Samsung announced a new line of wearables this week, including a new smartwatch called Galaxy Active. The device claimed to monitor users’ blood pressure, which some suggested would put it ahead of its key rival, Apple, as the first big tech player to make such an important breakthrough.
The company said the new feature would come later next month through a research app developed in partnership with UC San Francisco, called My BP Lab. From mid-March, users can download the My BP Lab app via the Google Play Store, which now integrates directly to the Galaxy Watch Active and the Galaxy line of smartphones. The company added in a statement that this would allow people to “monitor blood pressure and keep better track of their physical health every day.”
Tracking blood pressure outside of the doctor’s office is a very big deal. Hypertension affects about one-third of Americans, and is linked with heart disease, strokes, kidney disease and all sorts of other complications when it isn’t properly managed.
Samsung has certainly made a step in the right direction, but it’s not groundbreaking — at least not yet.
A spokesperson for the company confirmed the following when asked for more information:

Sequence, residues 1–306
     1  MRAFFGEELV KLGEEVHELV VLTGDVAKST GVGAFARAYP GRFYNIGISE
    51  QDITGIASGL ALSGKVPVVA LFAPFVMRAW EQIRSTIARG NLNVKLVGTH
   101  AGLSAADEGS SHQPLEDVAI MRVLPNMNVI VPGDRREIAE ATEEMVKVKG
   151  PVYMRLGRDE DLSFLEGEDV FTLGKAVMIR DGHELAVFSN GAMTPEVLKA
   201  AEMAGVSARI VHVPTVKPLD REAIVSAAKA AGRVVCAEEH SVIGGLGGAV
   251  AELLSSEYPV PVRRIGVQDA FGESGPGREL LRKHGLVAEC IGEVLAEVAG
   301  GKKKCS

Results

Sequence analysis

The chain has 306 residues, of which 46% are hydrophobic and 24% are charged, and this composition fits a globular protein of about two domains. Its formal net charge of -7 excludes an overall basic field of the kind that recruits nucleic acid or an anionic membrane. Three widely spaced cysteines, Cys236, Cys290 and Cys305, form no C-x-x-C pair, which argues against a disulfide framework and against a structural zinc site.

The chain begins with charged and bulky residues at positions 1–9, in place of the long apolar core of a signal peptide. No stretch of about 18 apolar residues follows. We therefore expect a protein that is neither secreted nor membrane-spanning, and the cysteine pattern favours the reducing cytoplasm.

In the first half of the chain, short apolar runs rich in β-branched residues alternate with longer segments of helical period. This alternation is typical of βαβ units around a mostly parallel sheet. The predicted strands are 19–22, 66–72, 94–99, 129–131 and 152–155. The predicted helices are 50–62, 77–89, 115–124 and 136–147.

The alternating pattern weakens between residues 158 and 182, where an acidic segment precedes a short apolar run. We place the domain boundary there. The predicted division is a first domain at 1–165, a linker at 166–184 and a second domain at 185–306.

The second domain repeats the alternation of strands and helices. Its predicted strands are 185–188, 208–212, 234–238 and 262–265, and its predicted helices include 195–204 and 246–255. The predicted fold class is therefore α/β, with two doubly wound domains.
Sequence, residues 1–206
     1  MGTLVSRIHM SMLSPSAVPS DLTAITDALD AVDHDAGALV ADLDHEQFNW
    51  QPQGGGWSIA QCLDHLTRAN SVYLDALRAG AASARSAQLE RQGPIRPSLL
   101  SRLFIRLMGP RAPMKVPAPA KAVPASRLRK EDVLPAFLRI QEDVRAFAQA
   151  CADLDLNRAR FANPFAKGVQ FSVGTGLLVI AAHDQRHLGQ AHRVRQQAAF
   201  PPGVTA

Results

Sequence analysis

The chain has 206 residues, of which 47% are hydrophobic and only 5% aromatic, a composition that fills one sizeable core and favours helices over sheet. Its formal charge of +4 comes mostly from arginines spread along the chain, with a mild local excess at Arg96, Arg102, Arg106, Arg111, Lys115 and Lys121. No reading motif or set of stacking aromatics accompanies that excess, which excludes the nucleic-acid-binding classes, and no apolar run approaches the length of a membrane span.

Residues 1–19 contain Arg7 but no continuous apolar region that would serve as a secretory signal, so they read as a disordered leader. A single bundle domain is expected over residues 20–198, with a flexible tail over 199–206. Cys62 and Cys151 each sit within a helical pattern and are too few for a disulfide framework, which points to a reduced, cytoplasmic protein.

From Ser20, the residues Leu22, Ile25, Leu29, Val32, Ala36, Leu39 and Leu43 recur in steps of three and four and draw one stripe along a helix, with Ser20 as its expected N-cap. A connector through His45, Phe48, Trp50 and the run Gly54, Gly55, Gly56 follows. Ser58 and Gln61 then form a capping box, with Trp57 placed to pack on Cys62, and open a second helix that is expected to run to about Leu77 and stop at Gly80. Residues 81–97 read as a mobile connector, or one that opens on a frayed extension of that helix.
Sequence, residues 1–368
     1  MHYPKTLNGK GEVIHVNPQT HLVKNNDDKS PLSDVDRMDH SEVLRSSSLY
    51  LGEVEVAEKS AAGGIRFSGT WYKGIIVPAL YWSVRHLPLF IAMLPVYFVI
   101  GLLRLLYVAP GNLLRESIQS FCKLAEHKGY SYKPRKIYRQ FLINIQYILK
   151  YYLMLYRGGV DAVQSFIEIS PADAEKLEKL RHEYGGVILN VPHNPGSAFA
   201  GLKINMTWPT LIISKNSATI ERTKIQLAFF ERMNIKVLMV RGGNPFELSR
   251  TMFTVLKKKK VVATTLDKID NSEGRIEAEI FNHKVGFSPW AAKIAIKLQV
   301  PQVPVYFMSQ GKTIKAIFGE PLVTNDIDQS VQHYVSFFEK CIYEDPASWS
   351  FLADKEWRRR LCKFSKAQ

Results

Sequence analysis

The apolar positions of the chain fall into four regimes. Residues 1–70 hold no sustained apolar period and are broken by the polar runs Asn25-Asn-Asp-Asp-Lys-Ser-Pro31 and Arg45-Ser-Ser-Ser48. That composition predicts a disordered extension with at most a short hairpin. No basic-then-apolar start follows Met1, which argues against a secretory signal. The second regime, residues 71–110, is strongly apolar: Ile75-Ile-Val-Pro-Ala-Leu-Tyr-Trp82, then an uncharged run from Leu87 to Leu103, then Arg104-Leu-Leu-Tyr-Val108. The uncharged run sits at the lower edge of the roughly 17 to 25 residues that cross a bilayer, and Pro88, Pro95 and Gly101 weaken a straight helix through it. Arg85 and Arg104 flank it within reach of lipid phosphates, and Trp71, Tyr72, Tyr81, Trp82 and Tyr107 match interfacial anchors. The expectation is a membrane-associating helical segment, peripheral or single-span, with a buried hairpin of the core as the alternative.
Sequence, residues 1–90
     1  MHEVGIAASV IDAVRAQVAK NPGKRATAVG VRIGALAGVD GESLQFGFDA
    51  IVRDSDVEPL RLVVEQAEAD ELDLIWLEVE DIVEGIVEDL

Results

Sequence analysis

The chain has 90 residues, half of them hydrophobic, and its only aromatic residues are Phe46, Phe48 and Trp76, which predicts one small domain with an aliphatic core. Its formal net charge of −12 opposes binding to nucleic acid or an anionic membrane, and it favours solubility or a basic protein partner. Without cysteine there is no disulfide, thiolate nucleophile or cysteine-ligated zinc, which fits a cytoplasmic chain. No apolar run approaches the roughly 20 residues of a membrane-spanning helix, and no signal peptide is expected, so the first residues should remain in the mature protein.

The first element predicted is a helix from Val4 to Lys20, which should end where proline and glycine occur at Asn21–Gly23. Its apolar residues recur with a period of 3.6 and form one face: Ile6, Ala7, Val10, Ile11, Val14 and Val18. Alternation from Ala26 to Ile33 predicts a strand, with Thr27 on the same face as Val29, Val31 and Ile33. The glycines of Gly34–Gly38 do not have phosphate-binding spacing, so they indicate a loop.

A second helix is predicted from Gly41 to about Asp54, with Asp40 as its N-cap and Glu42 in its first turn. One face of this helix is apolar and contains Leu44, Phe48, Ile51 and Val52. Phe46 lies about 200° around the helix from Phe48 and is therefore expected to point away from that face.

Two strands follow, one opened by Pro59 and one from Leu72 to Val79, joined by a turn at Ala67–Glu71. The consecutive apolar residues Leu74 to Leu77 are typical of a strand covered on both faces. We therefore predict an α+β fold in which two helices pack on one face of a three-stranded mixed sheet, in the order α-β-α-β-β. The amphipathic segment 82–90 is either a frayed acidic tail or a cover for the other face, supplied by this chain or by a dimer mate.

When users first set up the app, they set up a blood pressure reading measured by a cuff to get an accurate first read.
The app uses the raw signal from the reading to calculate blood pressure.
The device has an optical sensor to measure heart rate.
Samsung did not respond to a request for more information on whether the company integrates with third-party wireless cuffs, how often it needs to be calibrated to a cuff and how it validates accuracy. Thus far, it has not shared information on whether it has been cleared by the U.S. Food and Drug Administration.
But the tidbits it did share are revealing. Alexis Zervoglos, chief business officer for another company in the space, Qardio, has some ideas about how it will probably work.
“When you use optical sensors like Samsung is, you can estimate changes in blood pressure by looking at the volume of blood going through the vein, which will increase if pressure increases,” he explained. “At best, Samsung is looking at variation in blood pressure and not absolute blood pressure.”
The product could prove useful, especially when comparing the measurement to other factors that might impact user’s blood pressure, like exercise. But it’s not enough of a breakthrough to give Apple a scare — at least not yet.